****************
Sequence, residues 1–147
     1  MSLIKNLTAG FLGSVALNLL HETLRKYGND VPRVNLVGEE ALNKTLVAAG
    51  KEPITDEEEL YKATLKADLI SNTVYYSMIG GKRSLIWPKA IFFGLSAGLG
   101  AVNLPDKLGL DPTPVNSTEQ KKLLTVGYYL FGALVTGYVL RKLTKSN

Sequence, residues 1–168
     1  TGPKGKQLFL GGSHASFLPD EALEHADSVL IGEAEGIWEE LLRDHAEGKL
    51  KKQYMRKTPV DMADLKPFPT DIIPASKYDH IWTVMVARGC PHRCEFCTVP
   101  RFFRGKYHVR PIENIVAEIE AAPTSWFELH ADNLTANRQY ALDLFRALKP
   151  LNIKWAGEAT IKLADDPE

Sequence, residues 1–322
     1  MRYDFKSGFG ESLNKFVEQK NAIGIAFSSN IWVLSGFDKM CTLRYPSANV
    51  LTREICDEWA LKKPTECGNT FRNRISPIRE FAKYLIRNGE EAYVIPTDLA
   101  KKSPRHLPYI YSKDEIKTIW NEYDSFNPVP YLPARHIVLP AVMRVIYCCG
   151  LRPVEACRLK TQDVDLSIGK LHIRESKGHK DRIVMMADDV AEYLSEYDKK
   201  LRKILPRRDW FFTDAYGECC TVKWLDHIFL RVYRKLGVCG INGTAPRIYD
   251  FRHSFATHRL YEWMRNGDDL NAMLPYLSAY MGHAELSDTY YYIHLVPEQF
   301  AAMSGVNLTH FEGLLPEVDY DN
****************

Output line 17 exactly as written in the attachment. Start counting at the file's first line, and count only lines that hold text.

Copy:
   301  AAMSGVNLTH FEGLLPEVDY DN